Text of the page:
"It is important, therefore, that all of us should determine to set aside some time each day to commune with ourselves, to talk with our own still, small voice, to devote one minute for thoughts of peace and goodwill."
On June 26, the twentieth anniversary of the signing of the United Nations charter, this "minute for Peace" message was broadcast on all major U.S. radio networks, by United Nations radio, by networks in other countries, and by international short wave radio.
Other messages have been recorded from United Nations ambassadors such as Alex Quaison-Sackey of Ghana, Britain’s Lord Caradon, Chief Adebo of Nigeria, Dr. Cuevas Cancino of Mexico, Awad El Kony of the United Arab Republic, Michael Comay of Israel, the late Adlai Stevenson and other notables such as Paul V. Hoffman and anthropologist Margaret Mead. With special permission of the Holy See we broadcast a most compelling "Minute for Peace" containing part of Pope Paul VI’s message at his Peace Mass in Yankee Stadium.
When the crisis between India and Pakistan arose last fall over the Kashmir, Altheya Youngman, who had once lived in the Kashmir, felt we should relate our broadcast to the crisis. We obtained a record—a collectors item – which carried the voice of Gandhi with a searching challenge for peace.
War had broken out between India and Pakistan and Altheya and I knew members of both U.N. Missions and felt close to the situation. On the night that the security Council met to call for a cease-fire we entered the Council chamber and remained there until the cease-fire was secured after three in the morning.
The room was charged with tension as Indian and Pakistani delegates maneuvered for advantage. Angry words were hurled from one side of the table to the other. I looked around and realized that less than twenty observers were watching this most important meeting. I wondered how many of them were praying, as we were, for those who held the power of decision.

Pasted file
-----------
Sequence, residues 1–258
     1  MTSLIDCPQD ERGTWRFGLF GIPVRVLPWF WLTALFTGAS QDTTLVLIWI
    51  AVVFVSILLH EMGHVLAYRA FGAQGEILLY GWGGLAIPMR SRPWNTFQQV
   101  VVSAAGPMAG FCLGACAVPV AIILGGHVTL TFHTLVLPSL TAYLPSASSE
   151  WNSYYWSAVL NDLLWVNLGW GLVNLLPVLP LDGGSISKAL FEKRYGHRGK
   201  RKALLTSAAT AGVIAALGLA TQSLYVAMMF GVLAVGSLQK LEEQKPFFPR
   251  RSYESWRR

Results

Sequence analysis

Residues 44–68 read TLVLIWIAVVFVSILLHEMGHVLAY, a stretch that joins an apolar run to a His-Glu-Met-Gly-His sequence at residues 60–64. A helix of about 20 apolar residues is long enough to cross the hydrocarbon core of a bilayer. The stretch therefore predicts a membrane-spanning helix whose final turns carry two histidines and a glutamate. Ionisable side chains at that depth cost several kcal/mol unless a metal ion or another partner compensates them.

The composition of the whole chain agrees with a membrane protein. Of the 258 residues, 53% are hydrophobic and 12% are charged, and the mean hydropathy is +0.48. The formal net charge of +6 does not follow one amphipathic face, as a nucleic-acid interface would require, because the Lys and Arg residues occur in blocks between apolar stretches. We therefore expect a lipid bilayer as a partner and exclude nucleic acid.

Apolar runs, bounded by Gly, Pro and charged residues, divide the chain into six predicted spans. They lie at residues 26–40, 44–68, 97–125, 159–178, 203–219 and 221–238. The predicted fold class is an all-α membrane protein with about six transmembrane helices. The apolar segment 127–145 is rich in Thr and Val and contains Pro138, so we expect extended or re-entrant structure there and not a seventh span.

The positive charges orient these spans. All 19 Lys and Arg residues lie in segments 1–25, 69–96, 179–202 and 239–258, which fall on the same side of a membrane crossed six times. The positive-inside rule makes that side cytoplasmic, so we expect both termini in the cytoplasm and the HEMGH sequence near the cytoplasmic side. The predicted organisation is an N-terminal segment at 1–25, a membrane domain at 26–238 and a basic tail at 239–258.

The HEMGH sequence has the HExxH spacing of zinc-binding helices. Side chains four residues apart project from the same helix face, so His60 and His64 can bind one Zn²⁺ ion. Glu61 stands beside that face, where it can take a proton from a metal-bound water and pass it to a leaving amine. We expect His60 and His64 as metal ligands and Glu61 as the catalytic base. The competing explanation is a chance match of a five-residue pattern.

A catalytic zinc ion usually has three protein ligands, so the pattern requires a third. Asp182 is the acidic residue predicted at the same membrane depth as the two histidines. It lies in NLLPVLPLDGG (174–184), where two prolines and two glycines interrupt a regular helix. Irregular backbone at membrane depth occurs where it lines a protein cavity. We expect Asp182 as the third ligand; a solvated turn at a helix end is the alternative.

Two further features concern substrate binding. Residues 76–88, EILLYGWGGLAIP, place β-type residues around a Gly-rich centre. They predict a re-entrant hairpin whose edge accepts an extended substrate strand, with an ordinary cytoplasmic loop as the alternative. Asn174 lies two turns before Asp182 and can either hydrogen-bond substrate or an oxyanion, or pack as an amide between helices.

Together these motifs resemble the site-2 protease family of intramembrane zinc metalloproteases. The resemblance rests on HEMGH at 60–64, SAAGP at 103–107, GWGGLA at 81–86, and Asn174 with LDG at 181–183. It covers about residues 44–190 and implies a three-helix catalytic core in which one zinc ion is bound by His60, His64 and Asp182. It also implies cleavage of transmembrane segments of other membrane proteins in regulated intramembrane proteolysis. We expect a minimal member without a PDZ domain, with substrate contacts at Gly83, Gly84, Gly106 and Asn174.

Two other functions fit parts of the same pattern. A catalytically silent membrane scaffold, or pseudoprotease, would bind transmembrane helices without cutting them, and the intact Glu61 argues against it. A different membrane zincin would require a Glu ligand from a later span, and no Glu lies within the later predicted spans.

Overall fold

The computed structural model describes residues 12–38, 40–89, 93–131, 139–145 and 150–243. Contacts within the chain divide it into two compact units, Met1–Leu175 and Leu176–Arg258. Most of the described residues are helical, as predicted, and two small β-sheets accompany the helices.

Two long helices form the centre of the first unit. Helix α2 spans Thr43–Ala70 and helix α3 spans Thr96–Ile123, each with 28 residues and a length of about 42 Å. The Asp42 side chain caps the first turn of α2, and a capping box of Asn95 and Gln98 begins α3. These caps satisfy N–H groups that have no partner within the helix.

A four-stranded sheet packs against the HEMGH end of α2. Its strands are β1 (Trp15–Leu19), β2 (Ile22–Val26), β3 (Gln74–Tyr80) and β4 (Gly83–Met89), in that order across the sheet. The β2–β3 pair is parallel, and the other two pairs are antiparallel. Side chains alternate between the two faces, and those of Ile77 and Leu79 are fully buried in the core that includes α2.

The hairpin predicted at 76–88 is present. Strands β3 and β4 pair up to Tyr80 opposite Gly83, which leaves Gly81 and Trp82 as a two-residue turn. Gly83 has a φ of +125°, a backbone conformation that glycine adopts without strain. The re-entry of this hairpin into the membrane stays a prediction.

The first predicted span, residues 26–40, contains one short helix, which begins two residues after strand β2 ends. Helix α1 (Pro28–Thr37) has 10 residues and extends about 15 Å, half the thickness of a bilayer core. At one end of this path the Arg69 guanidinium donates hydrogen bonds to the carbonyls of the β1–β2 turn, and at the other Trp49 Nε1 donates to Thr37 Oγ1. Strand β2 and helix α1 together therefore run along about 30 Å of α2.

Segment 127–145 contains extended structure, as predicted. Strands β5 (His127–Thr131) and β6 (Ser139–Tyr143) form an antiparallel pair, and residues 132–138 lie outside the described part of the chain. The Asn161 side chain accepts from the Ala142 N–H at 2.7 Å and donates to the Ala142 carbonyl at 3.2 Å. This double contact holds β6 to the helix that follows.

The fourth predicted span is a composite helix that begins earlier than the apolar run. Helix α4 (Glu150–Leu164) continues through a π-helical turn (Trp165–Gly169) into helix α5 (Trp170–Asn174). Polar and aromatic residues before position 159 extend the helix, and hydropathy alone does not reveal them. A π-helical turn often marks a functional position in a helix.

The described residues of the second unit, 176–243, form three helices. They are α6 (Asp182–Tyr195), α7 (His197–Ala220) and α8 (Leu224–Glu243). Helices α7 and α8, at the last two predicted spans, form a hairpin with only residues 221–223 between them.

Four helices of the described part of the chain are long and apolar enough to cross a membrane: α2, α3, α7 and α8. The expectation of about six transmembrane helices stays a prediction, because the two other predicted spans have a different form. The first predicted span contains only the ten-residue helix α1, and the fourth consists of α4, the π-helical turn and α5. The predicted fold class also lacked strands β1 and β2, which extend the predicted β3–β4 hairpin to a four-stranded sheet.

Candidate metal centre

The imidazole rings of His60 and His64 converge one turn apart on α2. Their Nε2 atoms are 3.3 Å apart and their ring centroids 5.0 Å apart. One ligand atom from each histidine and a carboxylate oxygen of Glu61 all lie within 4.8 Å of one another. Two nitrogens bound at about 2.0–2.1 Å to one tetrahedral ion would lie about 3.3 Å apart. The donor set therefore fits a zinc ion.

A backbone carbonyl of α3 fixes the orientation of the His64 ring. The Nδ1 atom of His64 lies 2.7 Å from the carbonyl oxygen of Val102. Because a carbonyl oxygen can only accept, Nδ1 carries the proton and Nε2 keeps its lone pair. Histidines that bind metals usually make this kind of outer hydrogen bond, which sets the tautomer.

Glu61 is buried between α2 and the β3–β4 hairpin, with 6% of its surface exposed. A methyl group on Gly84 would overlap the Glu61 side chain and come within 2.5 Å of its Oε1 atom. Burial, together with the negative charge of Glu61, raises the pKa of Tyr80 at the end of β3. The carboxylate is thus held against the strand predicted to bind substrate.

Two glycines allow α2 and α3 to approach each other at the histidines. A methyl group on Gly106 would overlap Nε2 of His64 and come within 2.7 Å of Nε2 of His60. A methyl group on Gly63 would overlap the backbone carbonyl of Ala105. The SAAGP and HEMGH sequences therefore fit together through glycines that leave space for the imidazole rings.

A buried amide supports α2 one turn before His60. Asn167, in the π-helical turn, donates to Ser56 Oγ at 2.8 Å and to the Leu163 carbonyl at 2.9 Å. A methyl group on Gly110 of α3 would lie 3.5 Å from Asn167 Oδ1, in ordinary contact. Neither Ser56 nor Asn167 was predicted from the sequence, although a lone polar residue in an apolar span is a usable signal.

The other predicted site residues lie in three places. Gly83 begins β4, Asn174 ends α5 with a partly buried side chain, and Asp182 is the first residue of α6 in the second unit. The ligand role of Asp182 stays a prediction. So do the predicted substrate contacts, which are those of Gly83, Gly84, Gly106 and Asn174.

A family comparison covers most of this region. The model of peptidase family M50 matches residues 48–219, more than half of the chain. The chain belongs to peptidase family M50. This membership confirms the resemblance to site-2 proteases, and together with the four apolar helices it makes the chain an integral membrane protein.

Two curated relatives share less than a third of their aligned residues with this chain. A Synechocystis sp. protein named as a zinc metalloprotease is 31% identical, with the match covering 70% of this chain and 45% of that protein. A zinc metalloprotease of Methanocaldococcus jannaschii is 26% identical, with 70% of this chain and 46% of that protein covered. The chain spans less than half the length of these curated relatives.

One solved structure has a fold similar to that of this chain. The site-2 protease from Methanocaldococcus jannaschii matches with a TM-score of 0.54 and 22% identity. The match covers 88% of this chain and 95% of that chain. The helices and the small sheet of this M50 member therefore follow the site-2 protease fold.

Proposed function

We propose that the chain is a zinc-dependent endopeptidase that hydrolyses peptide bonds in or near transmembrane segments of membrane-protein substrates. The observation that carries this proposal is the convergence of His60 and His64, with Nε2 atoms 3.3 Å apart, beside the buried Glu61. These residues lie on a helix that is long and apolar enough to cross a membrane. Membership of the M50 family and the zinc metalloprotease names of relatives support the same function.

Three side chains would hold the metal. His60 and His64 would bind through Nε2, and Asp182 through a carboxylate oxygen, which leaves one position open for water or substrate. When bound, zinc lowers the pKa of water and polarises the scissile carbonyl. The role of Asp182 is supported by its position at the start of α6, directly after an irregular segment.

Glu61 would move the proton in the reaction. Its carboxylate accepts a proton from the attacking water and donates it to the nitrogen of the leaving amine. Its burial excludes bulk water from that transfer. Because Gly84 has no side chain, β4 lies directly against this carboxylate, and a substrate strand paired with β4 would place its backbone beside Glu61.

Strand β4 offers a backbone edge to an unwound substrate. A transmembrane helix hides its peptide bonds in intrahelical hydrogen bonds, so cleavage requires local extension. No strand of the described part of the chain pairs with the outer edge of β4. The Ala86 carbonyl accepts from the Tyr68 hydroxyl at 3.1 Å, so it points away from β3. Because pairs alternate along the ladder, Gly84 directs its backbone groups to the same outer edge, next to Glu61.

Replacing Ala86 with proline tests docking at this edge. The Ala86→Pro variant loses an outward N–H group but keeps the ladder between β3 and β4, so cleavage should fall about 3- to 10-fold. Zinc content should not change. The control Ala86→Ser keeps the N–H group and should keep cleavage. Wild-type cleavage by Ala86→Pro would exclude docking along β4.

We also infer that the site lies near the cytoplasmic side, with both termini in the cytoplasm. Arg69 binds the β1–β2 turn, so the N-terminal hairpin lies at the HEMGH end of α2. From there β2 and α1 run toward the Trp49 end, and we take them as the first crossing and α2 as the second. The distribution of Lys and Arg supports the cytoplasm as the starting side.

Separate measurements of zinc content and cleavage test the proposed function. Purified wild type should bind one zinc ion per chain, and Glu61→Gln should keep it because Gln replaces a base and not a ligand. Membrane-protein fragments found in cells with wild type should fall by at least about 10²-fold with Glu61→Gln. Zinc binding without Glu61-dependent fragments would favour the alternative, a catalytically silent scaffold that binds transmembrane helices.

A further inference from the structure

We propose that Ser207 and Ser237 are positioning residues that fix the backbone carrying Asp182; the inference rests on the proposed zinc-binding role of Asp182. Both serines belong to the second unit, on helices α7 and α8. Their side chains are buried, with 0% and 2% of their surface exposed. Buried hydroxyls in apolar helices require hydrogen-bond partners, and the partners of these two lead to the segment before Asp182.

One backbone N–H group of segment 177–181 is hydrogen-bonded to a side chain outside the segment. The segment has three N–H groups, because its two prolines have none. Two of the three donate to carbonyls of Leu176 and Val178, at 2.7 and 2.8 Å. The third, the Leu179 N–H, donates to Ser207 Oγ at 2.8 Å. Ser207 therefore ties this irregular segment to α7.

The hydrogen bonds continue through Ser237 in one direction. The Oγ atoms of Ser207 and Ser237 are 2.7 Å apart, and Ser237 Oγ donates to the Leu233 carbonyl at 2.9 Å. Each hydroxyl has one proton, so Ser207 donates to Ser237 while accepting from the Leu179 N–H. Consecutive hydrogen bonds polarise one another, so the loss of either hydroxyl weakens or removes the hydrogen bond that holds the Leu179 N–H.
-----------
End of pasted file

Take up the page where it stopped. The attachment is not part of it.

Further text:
Now it was after midnight. The men below us faced a crisis that could easily escalate into wide-spread warfare and multiply by a thousand times the deadly carnage that had already taken place. I was deep in intercessory prayer, striving to bring into that room the consciousness of the presence of God. I prayed that wisdom would be given our Ambassador Goldber, who was Chairman, as well as Lord Caradon and Soviet Ambassador Federenko in their efforts toward reconciliation – that they would hear the still, small voice.
I do not know how much our prayers contributed to the success of the meeting that night. I do know that Ambassador Goldberg surpassed himself in handling it, that Ambassador Federenko spoke words of understanding and conciliation, that the violence of the disputants was gradually tempered, and that a reluctant but welcome cease-fire was finally obtained. I shall never forget the experience and the conviction it strengthened in me that great power is released whenever people agree in prayer.
God has given us a strategy to advance this cause around the world. He has led us to work beside the United Nations where representatives of the nations of the world meet to pursue peace. He has given us the wholehearted co-operation of influential public people. Every Day brings increasing evidence that we can get massive participation by the communications media on every continent.
Can a "Minute for Peace’ become a minute of goodwill observed in unison around the world? Will it irresistibly move the leaders of men into paths of peace? Will the hearts and minds of people in all countries be touched by the Holy Spirit with the peace and love that bring men into the Kingdom of God?
What has happened so far seemed utterly impossible at first. Who knows what may happen if we put our faith to work and use the power of the Spirit to solve the problem of the sword?